Please forgive me for trying to write about something when
I don't know my subject. It is a feeling that I have. A nagging
emotion festering inside of me; about 'catch and release.' In
some ways I think I am against it. The same kind of feelings
that some guys have about 'pay for play' fly fishing. They think
that is just terrible, bordering on evil, but that's for another column.
I wonder why I don't ever read anything against C&R. PC, maybe.
It's the 'in thing' these days. Catch all you can and count them and
toss them back. Fast paced fly fishing. I know what fly fishing has
become, it's now 'Speed Fly fishing.' Catch 'em and unhook 'em
and move downstream one step. Why can I so easily picture that.
I think I have been there.
I've done that. Make all my plans, get to the water, gear up, make
the cast, catch the fish and turn it lose and go after another one.
That's not what fly fishing is supposed to be. Well, I guess it is
today, but it is not what it was, what it used to be, what I learned.
There you have it, my fly fishing has changed and during that change
I think I have lost something. And I don't think I like it. I am not sure
what I have lost, but I can feel a nagging vacuum. An empty place,
where a 'day on the stream' used to live.
I used to kill fish, especially trout. I ate trout. There was a surplus
then, a harvest was possible, there were some extra fish, ones not
necessary to sustain the brood-stock. It was alright to kill fish. It
was socially acceptable. Ah ha. There it is. It used to be okey to
fish for food. No one looked down their Polaroids at me when I
went fishing and actually got some. I guess killing fish these days is
not socially acceptable anymore. I am sure it is not. Darn shame.
I never enjoyed killing any fish but it was part of the game, a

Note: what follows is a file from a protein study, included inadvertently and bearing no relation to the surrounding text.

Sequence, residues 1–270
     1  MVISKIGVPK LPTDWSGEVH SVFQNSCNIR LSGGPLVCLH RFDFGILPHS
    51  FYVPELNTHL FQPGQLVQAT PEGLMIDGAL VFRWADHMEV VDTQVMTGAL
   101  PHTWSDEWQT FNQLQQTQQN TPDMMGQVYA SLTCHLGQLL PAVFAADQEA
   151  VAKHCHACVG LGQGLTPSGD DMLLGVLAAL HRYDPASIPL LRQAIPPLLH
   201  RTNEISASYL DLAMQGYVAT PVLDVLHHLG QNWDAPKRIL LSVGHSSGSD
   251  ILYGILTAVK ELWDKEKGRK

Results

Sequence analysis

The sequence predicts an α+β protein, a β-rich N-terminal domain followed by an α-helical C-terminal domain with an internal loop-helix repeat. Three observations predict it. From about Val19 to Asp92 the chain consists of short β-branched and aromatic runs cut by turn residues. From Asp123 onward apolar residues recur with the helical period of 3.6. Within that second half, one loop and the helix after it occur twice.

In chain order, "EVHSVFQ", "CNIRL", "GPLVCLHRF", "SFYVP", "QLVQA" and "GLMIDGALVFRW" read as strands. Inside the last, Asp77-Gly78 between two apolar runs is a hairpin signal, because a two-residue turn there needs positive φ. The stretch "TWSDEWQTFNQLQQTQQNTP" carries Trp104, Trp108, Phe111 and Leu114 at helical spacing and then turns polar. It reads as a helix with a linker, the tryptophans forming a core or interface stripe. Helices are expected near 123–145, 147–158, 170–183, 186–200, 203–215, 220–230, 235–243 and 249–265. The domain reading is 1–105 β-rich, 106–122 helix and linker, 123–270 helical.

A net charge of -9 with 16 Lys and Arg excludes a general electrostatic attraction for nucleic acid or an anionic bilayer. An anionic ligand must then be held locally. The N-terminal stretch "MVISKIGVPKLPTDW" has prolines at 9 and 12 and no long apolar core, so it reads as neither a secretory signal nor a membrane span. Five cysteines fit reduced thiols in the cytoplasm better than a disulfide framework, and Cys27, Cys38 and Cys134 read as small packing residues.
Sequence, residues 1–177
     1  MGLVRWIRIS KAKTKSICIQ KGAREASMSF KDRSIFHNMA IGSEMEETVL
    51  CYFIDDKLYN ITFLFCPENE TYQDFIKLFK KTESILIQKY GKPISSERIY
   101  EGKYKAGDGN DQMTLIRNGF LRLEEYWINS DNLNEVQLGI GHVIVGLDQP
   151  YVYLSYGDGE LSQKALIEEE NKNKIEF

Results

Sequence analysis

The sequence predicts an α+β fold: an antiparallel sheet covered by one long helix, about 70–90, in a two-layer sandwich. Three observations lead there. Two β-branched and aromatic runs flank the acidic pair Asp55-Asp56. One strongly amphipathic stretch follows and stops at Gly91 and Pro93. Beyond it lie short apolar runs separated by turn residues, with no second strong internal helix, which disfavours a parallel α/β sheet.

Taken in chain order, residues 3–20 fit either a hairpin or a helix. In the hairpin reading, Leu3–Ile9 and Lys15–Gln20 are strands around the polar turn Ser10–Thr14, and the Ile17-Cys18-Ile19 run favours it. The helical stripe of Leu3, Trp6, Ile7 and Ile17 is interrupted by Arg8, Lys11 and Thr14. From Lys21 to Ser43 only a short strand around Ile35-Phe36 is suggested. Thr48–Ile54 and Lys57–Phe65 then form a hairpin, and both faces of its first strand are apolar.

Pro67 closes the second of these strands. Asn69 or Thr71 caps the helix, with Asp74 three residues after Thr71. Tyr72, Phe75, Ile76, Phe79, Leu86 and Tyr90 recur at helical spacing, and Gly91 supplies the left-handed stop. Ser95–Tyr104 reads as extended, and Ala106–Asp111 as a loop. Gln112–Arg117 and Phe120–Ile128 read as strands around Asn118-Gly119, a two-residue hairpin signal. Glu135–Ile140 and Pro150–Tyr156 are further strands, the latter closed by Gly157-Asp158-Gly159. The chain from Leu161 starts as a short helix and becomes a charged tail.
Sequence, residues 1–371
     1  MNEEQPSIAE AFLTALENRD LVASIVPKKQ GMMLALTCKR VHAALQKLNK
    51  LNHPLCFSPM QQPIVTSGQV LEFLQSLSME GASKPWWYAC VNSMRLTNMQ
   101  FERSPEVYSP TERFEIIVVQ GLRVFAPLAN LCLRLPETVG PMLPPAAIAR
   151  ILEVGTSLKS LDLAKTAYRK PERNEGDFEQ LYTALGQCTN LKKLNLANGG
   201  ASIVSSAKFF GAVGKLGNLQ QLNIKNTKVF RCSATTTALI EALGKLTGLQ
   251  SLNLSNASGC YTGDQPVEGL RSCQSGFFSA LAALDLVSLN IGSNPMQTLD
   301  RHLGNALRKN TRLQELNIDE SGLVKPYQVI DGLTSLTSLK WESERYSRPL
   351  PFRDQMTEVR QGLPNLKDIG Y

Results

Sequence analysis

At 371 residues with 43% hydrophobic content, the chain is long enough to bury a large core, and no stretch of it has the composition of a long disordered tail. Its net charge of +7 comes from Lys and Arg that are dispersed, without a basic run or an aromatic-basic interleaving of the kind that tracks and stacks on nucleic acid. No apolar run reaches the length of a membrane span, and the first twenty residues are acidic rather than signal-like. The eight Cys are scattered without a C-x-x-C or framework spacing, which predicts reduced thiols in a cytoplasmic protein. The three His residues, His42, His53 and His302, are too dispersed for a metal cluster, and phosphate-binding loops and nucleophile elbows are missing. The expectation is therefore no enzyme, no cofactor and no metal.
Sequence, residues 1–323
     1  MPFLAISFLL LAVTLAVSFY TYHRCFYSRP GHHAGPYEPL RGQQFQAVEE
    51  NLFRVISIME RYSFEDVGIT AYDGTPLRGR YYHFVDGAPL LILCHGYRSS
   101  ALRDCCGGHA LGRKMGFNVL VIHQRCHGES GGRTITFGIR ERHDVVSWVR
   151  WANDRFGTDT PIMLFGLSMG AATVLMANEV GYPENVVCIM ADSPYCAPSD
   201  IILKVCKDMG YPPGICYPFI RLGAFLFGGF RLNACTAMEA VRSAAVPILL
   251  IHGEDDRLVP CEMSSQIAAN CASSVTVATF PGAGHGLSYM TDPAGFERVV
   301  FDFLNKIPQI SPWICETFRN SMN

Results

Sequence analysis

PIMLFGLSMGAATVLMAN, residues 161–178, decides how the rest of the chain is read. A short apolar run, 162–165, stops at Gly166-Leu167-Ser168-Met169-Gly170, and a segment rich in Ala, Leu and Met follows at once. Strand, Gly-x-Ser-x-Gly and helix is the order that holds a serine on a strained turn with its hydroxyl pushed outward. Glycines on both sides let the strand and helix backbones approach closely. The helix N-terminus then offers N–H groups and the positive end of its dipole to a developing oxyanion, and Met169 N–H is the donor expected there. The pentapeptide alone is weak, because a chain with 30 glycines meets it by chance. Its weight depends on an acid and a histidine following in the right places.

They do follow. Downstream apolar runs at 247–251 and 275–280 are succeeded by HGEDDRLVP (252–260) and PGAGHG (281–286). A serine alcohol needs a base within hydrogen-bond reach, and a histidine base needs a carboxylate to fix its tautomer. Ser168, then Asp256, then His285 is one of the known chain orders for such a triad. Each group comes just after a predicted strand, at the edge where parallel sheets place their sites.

necessary part. Those were the days of, "You catch it, you clean it!"
There was a special tool made just for killing fish, called a priest. I
had one too and used it. Later on I went to another method of
dispatching them, but dispatch them I did. There was a certain
cache. Almost ceremony, ritual.
I can remember that the leather harness on my creel had to be dressed.
A good going over with a special oil/paste secret goo. The wicker had
to be maintained, sometimes varnished. Washed out often or a strange
smell could otherwise develop. How about looking for ferns while
walking to the water. Ferns to line my creel so the moist fish could
cool in the air circulating through the greenery. There were other
canvas creels offered but they had no class and I did not use one.
There were just a ventilated bag on a strap. Where's the magic in
that. Apologies to those of you who used them.
There were other elements that went along with fly fishing for
me back then too. Planning ahead about what to do with my
fish, for one thing. What to do for chow if I didn't catch anything
was important as well. Starving was to be avoided at all costs.
Swapping fish cooking recipes was another delightful pastime.
Of course actually dinning on them had it's high points too. One
of my fondest memories of an evening meal was in a log cabin on
the Au Sable river with Vince Marinaro preparing trout with a
cheddar cheese sauce. Heady times those, good times. Sometimes
I would build a small fire and cook mine along the stream, the old
'on a stick over the fire thing' but usually took a few back to camp
and prepared them for dinner; bacon for the grease and raw potato's
fried in the same pan. Then again, brookies for breakfast are a mighty
There was a completeness about fly fishing back then, before it changed.
More of a circle of life as it should be. It all seemed right and proper.
Normal. Go fishing. Catch fish. Eat fish. Forgive me but, catch fish
and then toss them back does not quite fill it for me these days. I
think the old days were better.